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Brain Food with Ken Keller - Do you have a 'drama triangle' at work?
Ken Keller web
Ken Keller

      In 1968, Dr. Stephen Karpman described the "drama triangle" in his article "Fairy Tales and Script Drama Analysis."
The article discusses human interaction and the various roles that people assume in their lives.
      There are three roles in the triangle. The first is that of victim; the second is rescuer; and the third is persecutor.
      Why is any of this a concern to a business owner? The owner, along with employees, clients, vendors and prospects each take on a role depending on the situation, feelings, stress level, position, role, title and responsibility level.

      The owner of any business is by default the leader and cares more about certain aspects of the company than anyone.
Owners focus on reducing costs, taking care of clients, adding new clients, cash flow, inventory, profit, new product development, strategic relationships, improving the performance of people and caring about things when no one else seems to care.
      To achieve these goals, the owner must be a persecutor. The owner is the one who initiates difficult discussions, decides who to do business with and who not to; decides who gets added to the payroll, who stays in the company and who gets terminated; what gets sold; what the priorities are and forces change on an organization whether the change is welcome, understood, wanted or not.
      The persecutor blames, criticizes, gets mobilized by anger and usually takes an authoritative stance. The persecutor believes it is always someone else's fault.
      The owner is the persecutor of all things related to processes, people, growth and execution.
      An owner who relishes in the role of persecutor does not always build respect or trust in an organization. Letting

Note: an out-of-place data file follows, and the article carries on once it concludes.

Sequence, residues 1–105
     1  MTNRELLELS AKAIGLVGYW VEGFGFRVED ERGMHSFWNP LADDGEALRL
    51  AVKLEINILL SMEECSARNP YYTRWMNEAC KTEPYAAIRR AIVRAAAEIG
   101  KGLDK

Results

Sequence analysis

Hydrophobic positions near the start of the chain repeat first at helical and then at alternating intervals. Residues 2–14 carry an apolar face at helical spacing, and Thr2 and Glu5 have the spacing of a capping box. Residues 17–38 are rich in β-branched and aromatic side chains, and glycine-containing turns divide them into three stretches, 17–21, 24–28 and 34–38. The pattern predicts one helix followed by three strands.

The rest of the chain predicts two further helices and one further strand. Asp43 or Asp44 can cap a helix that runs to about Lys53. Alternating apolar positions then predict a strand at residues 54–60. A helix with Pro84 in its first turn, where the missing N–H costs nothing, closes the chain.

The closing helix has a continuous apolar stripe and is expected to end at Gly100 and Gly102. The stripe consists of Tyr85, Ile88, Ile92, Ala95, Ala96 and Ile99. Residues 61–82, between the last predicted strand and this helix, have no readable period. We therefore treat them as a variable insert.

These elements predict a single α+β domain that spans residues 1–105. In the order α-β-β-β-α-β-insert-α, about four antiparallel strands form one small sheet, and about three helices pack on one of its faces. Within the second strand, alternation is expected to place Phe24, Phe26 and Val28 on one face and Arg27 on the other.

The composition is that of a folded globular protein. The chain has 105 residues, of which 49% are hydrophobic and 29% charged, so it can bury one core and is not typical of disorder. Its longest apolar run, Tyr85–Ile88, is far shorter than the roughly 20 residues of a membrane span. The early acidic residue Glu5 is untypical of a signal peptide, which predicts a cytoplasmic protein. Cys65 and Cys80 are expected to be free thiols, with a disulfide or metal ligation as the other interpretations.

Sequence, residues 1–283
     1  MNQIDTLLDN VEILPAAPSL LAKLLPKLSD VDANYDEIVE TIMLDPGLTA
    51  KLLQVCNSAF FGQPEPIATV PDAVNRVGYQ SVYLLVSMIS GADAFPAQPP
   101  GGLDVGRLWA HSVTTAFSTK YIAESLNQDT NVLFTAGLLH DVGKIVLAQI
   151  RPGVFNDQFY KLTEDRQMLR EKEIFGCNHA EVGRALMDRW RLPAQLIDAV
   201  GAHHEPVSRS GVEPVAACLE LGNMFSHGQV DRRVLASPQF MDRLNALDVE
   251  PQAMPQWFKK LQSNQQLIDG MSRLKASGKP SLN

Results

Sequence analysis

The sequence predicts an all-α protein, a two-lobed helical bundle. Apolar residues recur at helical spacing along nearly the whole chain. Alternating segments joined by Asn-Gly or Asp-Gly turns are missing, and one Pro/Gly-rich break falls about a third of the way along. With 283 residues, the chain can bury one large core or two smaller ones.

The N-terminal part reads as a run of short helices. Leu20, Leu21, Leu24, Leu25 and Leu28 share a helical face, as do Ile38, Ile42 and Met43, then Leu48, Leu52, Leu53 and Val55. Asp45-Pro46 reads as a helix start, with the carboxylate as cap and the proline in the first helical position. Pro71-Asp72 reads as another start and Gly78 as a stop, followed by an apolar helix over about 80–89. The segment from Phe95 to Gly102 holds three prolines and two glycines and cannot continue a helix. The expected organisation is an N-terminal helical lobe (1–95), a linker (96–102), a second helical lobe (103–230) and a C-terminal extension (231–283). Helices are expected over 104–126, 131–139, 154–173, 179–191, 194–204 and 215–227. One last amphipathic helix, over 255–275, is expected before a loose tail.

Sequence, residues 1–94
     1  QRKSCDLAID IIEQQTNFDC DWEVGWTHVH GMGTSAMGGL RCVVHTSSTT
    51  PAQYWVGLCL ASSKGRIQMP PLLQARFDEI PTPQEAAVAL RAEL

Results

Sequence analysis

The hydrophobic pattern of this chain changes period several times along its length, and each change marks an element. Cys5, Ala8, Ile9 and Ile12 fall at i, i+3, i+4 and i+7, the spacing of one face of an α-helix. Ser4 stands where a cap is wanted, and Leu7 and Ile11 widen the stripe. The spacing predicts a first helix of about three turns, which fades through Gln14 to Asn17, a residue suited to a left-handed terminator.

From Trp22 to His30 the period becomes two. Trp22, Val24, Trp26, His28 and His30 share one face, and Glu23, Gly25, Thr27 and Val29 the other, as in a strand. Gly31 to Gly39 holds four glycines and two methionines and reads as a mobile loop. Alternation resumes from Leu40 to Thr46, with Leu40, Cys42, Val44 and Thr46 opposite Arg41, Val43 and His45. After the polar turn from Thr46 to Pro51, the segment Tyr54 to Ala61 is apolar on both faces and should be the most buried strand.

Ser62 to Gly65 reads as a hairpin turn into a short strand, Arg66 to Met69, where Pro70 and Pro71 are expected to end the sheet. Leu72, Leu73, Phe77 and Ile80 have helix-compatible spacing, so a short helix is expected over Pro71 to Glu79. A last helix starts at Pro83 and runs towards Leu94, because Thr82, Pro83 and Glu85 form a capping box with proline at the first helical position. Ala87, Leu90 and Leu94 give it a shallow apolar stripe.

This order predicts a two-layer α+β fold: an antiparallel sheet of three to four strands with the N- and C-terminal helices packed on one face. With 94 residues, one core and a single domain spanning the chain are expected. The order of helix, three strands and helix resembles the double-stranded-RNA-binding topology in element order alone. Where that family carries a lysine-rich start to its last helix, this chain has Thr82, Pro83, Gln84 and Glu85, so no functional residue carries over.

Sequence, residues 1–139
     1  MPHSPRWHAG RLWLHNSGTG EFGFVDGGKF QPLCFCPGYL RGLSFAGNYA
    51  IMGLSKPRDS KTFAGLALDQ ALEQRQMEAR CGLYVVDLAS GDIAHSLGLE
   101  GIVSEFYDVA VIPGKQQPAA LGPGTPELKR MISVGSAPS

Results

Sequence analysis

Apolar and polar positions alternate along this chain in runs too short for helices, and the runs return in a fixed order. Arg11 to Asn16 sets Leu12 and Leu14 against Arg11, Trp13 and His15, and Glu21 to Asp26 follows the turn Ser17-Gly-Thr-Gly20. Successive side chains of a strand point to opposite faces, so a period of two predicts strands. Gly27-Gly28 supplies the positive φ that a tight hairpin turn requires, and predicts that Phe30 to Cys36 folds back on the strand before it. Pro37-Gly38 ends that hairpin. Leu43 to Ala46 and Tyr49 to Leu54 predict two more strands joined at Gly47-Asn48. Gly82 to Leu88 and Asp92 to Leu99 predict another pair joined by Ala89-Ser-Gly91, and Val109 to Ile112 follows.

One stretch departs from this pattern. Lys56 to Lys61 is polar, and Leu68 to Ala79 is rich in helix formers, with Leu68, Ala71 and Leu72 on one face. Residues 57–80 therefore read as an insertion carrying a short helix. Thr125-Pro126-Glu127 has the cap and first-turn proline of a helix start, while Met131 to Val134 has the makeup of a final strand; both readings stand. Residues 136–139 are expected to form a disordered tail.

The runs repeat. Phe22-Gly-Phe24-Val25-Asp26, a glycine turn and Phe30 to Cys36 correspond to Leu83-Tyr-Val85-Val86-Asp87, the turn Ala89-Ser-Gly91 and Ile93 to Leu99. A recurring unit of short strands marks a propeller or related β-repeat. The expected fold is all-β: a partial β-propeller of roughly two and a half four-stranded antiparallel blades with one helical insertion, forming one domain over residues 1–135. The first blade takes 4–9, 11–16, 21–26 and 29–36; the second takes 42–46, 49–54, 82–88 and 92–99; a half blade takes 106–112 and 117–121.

people go, for example, may not be a pleasant responsibility, but that does not mean it has to be enjoyable.

      Owners can also play the role of rescuer.
      A good example of this is the owner who tries to save the employee who is constantly underperforming. The owner feels guilty if he or she doesn't make some sort of effort to "save" the person.
      Often an owner will rescue someone even when the employee doesn't want to make the effort. What this does is keep the employee dependent. But the owner tries over and over in his or her attempts, all the while knowing that the employee will ultimately fail. The owner actually cares more than the employee does.

      Most owners will never admit to being a victim, but their attitudes, behaviors and words say otherwise.
      For those who have made excuses, blamed others for things not their fault, complained about others, repeated activities and behaviors that were ineffective, "tried" to do something knowing it would fail before even starting, believed that "something has to be done" or put problems on someone else - you have practiced the behavior of a victim.

      The only way to stop being a victim is to become a creator. Creators seek solutions; they understand that they have the ultimate tool to get out of a bad situation and move forward by using their experience, intellect, expertise, connections and willpower.
      The process starts by accepting responsibility for the current situation, and for anything that happens going forward.
This means "owning" the problems. But it continues beyond owning to taking action, doing new and different things, making a commitment and following through.
      Creators use the word "I" and do not use the words "they," "you" or "we." By doing this, creators take control of the choices they have made for their businesses and their lives.
      1929 was the year of the great crash of the stock market, which ultimately led to the Great Depression. President Herbert Hoover took on the role of victim. "Hooverville" homeless camps sprouted up across the country.
      In 1933, Franklin Roosevelt became president and said to his team: "One thing is sure. We have to do something. We have to do the best we know how at the moment ... If it doesn't turn out right, we can modify it as we go along."
      As the owner of a business, if you find yourself acting and believing that you are a victim to change, for yourself, your family, your employees, your vendors and your clients - you have a responsibility to change.
       Ken Keller is president of STAR Business Consulting Inc., helping top executives make better decisions. He can be reached at (661) 645-7086 or


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